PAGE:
When I first started distance running, it was with the end goal of losing weight. Let’s be honest, 99% of anything I did that was exercise related had always been with weight loss in mind. From the day I got my first gym membership at the way-too-young age of 15 through to when I started training for my first marathon, exercise was about weight loss/control. And, while I’ve gotten much, much better about reframing, it’s still really hard for me to not hate the idea of exercise because I hate when I start to obsess about my weight and then I start to loathe exercising because it will never be disconnected from the years I’ve spent feeling ugly/fat/insecure/etc.
Even today, even though I’ve become much more comfortable in my own skin, every time I get ready to exercise, there’s still that moment when I think, “I shouldn’t have to do this.” It doesn’t matter that at my age, everyone should be doing “this”. And I like to exercise. I like how I feel when I’m doing it. I like how I feel when I’m done. I’m a happier person overall when I do it. But that little voice is still there telling me that the main reason I’m doing it is to try and be pretty/thin/secure enough.
What distance running did for me was to show me just how much my body could do. I’ve written a number of posts about this, in fact. So, even though I hadn’t done any distance running (and almost no running at all, for that matter) since moving to Japan, when my friend, Brittany, asked me if I’d like to join her in running a half-marathon in Burma (aka Myanmar, and yes, I did have to look it up and the only reason I actually recognized the that this was the name of a country was because I’d had two friends go their this past summer), I agreed on the spot, knowing this would force me to do something in the running department.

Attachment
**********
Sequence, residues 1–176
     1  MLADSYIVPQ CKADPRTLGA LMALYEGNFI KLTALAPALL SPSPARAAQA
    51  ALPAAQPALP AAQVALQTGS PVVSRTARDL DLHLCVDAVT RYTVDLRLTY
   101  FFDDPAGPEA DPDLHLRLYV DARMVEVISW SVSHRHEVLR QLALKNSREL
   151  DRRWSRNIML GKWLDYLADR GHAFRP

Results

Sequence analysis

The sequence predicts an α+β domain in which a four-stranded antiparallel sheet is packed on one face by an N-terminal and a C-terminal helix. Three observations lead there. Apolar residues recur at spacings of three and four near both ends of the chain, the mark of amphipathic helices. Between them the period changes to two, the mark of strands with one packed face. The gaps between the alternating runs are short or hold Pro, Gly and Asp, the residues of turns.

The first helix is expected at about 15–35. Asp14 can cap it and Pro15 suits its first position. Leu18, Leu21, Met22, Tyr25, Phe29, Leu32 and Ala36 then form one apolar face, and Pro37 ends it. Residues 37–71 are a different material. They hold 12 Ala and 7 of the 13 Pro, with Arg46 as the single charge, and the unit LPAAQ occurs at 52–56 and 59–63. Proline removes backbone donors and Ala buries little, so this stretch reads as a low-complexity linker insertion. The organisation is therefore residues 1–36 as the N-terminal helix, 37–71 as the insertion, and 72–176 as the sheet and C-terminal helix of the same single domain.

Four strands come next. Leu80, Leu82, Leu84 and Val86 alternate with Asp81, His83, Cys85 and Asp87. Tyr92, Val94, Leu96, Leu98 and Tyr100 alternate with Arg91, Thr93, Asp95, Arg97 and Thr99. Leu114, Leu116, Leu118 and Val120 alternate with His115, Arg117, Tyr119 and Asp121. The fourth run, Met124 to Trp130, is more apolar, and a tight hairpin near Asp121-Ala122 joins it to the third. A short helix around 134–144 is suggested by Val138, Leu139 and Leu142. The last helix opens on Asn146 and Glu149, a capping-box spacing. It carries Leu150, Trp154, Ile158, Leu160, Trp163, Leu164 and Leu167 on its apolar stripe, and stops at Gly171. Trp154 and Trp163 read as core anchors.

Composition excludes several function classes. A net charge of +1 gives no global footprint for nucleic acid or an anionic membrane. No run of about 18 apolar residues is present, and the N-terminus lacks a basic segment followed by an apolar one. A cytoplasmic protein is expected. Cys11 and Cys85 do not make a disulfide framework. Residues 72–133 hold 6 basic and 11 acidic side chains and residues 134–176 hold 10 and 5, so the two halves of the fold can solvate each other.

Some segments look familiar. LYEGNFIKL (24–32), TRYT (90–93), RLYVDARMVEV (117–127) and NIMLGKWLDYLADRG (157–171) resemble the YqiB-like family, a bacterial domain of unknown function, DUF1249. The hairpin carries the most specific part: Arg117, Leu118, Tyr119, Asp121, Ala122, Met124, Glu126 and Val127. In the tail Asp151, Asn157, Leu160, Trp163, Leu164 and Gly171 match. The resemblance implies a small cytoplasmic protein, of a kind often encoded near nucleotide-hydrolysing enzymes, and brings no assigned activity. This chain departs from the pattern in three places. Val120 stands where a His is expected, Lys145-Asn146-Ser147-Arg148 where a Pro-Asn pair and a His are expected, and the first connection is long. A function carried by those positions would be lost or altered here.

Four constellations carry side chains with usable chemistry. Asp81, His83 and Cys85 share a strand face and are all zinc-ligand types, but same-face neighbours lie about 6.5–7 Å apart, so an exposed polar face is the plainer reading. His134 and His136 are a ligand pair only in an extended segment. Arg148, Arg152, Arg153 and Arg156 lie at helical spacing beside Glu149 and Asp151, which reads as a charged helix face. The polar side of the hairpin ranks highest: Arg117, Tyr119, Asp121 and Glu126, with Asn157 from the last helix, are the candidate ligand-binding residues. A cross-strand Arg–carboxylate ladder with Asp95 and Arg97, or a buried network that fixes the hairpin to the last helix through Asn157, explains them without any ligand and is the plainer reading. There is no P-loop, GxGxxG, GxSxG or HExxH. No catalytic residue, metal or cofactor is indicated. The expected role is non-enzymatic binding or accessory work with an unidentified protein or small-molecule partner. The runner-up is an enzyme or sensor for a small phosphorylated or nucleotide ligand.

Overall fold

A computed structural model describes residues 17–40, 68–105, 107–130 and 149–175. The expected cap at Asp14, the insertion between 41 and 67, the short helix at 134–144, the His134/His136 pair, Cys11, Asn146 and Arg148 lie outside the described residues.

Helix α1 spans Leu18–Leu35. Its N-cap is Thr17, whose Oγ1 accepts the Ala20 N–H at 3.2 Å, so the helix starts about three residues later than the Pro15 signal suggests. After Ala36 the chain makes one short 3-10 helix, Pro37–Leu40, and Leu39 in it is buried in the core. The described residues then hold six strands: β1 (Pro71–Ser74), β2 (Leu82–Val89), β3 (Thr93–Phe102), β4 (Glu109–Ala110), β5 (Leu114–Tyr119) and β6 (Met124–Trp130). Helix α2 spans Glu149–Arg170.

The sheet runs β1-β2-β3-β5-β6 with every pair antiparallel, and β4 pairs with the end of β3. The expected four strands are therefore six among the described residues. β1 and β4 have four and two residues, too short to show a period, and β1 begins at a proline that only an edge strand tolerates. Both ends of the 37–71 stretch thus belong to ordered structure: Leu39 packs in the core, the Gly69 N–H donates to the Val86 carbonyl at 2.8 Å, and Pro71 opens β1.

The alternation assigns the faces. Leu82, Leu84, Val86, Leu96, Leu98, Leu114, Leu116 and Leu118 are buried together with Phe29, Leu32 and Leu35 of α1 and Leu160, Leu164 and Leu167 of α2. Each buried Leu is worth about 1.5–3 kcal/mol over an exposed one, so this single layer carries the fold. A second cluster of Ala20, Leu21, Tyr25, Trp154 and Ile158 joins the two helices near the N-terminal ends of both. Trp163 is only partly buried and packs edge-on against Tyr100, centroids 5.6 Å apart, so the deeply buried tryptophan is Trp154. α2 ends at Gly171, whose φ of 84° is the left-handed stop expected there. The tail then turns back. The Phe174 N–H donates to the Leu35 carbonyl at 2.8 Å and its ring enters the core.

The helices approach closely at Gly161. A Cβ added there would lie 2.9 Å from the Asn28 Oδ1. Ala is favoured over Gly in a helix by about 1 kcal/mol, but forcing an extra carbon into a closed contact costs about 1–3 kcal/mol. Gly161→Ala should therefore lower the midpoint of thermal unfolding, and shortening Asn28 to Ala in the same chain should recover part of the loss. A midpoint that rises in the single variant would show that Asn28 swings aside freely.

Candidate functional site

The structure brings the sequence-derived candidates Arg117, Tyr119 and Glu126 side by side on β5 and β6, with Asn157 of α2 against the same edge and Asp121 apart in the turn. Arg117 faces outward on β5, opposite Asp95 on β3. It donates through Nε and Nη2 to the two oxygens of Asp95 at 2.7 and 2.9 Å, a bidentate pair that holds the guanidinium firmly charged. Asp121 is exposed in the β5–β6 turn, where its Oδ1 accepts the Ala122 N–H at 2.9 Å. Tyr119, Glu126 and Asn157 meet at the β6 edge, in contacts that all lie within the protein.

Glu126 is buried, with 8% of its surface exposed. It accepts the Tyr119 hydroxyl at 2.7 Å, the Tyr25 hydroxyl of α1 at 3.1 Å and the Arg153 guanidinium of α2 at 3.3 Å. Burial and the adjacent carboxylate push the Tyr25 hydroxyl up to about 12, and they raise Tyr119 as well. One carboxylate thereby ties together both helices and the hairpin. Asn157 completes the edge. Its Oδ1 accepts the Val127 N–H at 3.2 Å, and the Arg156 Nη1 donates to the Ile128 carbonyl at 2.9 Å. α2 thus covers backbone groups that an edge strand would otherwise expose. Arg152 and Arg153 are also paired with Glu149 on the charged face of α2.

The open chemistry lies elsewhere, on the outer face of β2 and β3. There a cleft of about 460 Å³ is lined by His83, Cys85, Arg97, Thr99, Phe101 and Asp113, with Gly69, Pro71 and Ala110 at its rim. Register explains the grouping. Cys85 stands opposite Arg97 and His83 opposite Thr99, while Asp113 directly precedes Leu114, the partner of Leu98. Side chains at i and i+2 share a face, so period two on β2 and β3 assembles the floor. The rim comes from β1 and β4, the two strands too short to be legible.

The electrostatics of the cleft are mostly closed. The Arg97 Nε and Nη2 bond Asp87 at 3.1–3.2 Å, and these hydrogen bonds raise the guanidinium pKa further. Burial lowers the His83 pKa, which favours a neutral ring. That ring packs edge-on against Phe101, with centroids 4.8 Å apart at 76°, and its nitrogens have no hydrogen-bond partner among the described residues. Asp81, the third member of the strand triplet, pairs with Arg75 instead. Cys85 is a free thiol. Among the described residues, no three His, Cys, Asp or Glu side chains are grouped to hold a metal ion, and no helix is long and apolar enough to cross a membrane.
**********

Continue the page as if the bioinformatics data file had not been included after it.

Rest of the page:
There are so many things about my trip to Burma that I could talk about (and maybe I will someday if I ever get around to it), but the reason we went there was to run this half-marathon through the temples, so that’s what I want to capture here.
Leading up to the half, I tried to get on the training bandwagon, but the reality was I was super busy. Between the craziness of my job, the responsibility I’ve been given at church, and my inability to say “no” to any invitation and/or to not have a dinner party on any given Sunday, I just wasn’t getting around to running. Before heading to Burma, I got in exactly two runs. One was four miles, the other six. And the latter involved quite a bit of walking. Side note: one of the things I hate about not running for so long is that while mentally, my brain knows that my body is physically capable of doing it, I also know that my body won’t be able to do it right away. And that hurts.
So, by the time we arrived at the starting line Saturday morning, I knew I had no hope of anything but my worst half-marathon time even. And while it shouldn’t be about the time, I’m still always trying to prove something, so it was still about the time. And I hated that I was going to be so slow. Never mind the fact that I never questioned whether I’d be able to finish even though I had basically not trained. Never mind that the terrain and scenery on this route would make it near impossible to not get my slowest time even if I had been trained. I wanted to be able to run faster than my slowest time. I wanted to pace with Brittany who had been training and actually done a 10 mile run prior to the actual race. (Perhaps my boss was right to tell me last week that I might need to start lowering my expectations of myself…)